The Return Of The King

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Le Roi est Mort, Vive le Roi... photo: Firdaus Omar/flickr

On 24 September, Russian Prime Minister Vladimir Vladimirovich Putin announced his decision to return to the presidency, a post he may now possibly occupy for a further two successive terms until 2024. Unfortunately, his election to the post seems to be a foregone conclusion. In previous polls, opposition candidates, anti-Kremlin parties, and other critics failed to even make it onto the ballot paper. And with Russian state TV having developed into a veritable Putin lovefest, he can expect blanket positive coverage ahead of a lofty coronation.

I am surely not the only one to feel reminded of the dark days of the Soviet period, when the General Secretary’s seat was passed from one frail, tottering character to the next, and political prognostication revolved solely around signs of imminent death – since death was the only thing that could open the door to real reform.

However, on closer examination, it hardly seems fair to compare Putin’s reign with the gerontocracy of the Soviet period, as the Soviets at least had a Politburo. Russia’s current transformation into what political scientists are calling a sultanistic or neo-patrimonial regime is a break from Russian history and the global trend toward democratization. The czars at least drew their legitimacy from their blood and their faith, and the General Secretaries owed their power to their party and their ideology, Putin’s rule, however, is based solely on the man himself.

If there is a blueprint for Putin’s form of government, it is the dictatorships of Central Asia. There is coherence in the autocratic style of Mr Putin, as with his counterparts in Belarus, Kazakhstan, Uzbekistan, Turkmenistan and Azerbaijan. In all those places, political competition is treated like warfare. Political rivals are portrayed as evil-doers and centralized power is accepted as the only way to manage an ever more complex and seemingly overwhelming system.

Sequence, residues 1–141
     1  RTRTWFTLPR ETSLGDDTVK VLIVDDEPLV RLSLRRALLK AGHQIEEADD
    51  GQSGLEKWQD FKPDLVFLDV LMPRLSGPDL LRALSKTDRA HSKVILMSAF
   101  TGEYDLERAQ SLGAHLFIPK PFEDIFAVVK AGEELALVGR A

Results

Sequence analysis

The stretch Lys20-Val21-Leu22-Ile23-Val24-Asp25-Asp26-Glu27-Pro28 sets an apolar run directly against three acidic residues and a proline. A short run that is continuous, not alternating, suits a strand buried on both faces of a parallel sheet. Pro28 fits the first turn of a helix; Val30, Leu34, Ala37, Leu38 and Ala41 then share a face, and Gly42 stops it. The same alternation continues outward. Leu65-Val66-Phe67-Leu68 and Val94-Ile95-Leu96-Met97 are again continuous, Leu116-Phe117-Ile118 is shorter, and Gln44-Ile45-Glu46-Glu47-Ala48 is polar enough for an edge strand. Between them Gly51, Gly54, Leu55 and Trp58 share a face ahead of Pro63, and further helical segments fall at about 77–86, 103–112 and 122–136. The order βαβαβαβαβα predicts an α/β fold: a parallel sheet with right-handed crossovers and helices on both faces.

It is a measure of Russia’s lack of civil society that no one honestly doubts that Putin will win next year’s presidential election. At the same time however, Russia’s population is becoming increasingly more difficult to control. The country is gradually becoming a petro-state, with all the problems such systems spawn: pervasive corruption, sharp income differentiation, a lack of social mobility, a decline in scientific and technological progress, and increased control of the economy by government monopolies.

The cure for the growing systemic and increasingly acute malaise is obvious: ‘modernization’. In the past, both Medvedev and Putin have uttered that word hundreds of times, but have as yet failed to embrace its final implications: impartial courts, honest and competent bureaucracies, a truly uncensored press, free and fair elections, de-monopolization of key sectors of the economy and a reduction of state control.

We have known since 1996 that Russia is no democracy. Yet it is now starting to dawn on us that Russia is not even a “traditional” dictatorship controlled by a party, dynasty, or priesthood. It is a regime ruled by one single man. Yet the challenges posed by rulers who cling to their power are systemic: Touch one part of the vertical of power and the whole fragile structure collapses. The winds of change may be blowing across the Arab world, rolling from Cairo’s Tahrir to Tripoli’s Green Square. Russia, meanwhile, seems to be looking at an endless Putin epoch, an extended period of political stagnation, and a bleak future. I never thought I’d hear myself say this, but maybe it’s time to bring back the Politburo.

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In 2007 Luke Harding arrived in Moscow to take up a new job as a correspondent for the British Guardian newspaper. Within months, mysterious agents from Russia’s Federal Security Service had broken into his flat. He found himself tailed by men in cheap leather jackets, bugged, and even summoned to Lefortovo, the KGB’s notorious prison. The break-in was the beginning of an extraordinary psychological war against the journalist and his family. Mafia State: How one reporter became an enemy of the brutal new Russia is a haunting account of the insidious methods used by a resurgent Kremlin against its so-called “enemies”.

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